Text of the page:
The gender dynamic here seems to represent the social structures of traditional matrilineal societies in which lineage is traced through women and thus, women are responsible for ensuring the continuation of the community both literally and symbolically, in terms of the values and the customs of the community. There is a similar opposition between Badua and Osam, as well as between Anowa and Kofi Ako. However, in the latter, while Anowa upholds certain values and morals of the traditional community she is also depicted as in opposition to the social order upheld by the other female characters in that she rejects the traditional roles assigned to women in that society. In this sense, the gendering of these binary couples serves to put Anowa in stark contrast with the other women who represent the constraining roles for women within the social structures of traditional matrilineal society. In each of these couples opposing viewpoints are expressed in a way that provides a framework for the issues and debates which Aidoo raises and the audience must decide on its own with which side to agree. These parallel constructs of binary oppositions between characters thus serve to give different arguments or view points on the "dilemma" of Anowa, and thus reinforce the traditional "dilemma tale" structure of the play.
Aidoo also uses the traditional structure of oral tales which consist of an introduction, the plot, and a conclusion. Her use of a prologue to begin the play is a conscious imitation of the traditional oral literary structure in which a narrator or a chorus begins by setting the scene and the time in which the story occurs, introducing the main characters and foreshadowing the main themes of the tale. "The-mouth-that-eats-salt-and-pepper" forms the chorus of the play -- it introduces the play, comments on the end of every episode or "phase" and concludes the play in the traditional structure of the dilemma tale by elucidating the themes of the dilemma but leaving the final decision to be made by the audience. The "old man" seems to fulfill the role of narrator. He begins and ends the play which gives it a cyclical movement, characteristic of much oral literature. In the prologue, the old man opens the play with a long monologue which follows traditional oral conventions in style and content, in that it introduces us to the society of Abura, sets the time in the 1870's and introduces the characters of Anowa and Kofi while also elucidating some of the themes of the play. In the prologue, the old man foreshadows some of the major themes of the play, for instance, referring to the notion of slavery through his allusion to "those forts standing at the door of the great ocean." (p.6) and explaining the contact of Ghanaians with Westerners, in particular the "bond of 1844" (p.8), thus raising the issue of colonialism. In contrast to the old woman, the old man speaks predominantly in verse which reinforces his role as the narrator or storyteller. The old woman aside from being important for expressing an opposite viewpoint as mentioned earlier, also in a sense fills the traditional role of the "replyer" or as Galli terms it in 'storytelling among the Anyi Bona" the "epicenter". Contrary to the normal role of the epicenter, she disagrees and interrupts the old man rather than "receive" the story; the use of these two characters as narrator or chorus to some extent mirrors the roles of narrator and epicenter.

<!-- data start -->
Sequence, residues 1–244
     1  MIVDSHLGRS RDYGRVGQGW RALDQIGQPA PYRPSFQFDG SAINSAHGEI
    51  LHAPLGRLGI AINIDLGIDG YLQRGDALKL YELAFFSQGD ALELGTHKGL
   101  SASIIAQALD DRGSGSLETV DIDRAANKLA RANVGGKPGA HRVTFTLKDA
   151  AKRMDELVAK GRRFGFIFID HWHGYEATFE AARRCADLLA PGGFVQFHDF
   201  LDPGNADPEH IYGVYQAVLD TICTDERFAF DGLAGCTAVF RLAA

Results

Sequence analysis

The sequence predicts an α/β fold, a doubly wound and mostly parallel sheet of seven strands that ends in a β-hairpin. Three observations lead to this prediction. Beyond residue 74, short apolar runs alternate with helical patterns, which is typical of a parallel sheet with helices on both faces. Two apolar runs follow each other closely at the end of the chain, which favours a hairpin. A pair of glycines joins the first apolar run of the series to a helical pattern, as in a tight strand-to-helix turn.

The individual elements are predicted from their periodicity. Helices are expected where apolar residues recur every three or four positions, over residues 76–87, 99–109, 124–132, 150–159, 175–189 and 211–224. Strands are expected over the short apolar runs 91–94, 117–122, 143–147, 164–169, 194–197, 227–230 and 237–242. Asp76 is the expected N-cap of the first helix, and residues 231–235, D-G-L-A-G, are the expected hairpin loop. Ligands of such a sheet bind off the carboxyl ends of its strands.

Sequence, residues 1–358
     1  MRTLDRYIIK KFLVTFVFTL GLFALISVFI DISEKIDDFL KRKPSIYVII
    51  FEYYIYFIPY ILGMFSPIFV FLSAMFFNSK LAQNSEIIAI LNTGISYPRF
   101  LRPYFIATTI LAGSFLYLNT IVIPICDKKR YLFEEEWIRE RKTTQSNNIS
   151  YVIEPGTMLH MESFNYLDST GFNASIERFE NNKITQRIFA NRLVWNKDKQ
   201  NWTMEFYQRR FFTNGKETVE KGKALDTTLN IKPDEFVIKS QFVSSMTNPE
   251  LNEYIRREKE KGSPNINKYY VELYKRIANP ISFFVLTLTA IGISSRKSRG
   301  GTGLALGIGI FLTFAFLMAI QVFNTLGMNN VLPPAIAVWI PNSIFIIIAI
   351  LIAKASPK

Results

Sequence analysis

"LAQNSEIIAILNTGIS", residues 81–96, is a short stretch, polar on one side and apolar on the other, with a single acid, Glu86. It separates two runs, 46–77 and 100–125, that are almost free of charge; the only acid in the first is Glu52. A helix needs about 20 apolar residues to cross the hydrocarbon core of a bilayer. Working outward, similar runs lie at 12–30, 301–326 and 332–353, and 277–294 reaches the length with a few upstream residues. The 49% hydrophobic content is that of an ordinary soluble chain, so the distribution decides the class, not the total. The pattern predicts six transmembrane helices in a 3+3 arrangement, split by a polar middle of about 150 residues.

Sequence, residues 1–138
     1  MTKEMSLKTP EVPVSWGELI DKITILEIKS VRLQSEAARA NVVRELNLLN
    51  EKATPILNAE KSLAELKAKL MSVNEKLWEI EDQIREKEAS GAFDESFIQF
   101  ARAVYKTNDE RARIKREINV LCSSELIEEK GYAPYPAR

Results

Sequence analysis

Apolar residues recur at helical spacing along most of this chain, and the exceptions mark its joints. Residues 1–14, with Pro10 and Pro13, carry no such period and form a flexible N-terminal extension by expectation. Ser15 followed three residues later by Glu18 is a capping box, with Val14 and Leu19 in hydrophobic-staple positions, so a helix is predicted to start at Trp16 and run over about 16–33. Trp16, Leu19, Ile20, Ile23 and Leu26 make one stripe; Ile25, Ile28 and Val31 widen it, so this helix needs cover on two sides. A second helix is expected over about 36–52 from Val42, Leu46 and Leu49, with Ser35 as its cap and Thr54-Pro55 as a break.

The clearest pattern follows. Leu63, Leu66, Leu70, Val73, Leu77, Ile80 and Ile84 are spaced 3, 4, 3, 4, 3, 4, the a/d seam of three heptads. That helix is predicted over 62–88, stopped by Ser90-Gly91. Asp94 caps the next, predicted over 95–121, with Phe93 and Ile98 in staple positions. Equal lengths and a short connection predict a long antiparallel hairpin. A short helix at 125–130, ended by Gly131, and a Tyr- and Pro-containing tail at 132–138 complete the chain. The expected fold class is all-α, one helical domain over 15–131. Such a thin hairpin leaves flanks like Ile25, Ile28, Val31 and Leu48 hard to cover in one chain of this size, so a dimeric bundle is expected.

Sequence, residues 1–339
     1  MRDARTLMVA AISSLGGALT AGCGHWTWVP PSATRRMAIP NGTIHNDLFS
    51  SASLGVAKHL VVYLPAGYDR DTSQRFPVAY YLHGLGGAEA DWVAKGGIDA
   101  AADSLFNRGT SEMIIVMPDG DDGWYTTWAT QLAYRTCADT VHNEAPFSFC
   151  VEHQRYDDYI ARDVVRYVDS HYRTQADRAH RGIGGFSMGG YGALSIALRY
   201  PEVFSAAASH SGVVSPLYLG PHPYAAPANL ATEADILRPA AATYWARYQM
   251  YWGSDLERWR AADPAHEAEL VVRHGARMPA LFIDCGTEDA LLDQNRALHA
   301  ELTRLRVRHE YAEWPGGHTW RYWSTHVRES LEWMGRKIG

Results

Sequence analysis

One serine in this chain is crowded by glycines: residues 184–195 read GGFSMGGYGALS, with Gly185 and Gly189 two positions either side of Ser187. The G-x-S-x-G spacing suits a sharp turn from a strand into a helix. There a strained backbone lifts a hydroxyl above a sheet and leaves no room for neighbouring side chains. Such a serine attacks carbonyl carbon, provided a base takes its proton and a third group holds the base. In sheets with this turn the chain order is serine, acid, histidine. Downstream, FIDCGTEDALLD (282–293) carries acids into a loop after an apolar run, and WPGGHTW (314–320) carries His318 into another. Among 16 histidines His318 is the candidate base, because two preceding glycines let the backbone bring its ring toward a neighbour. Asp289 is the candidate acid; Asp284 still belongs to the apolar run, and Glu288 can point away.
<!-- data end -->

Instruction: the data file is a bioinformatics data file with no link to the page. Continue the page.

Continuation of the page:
[These materials have been adapted from an honors thesis written by Megan Behrent, Brown University, 1997]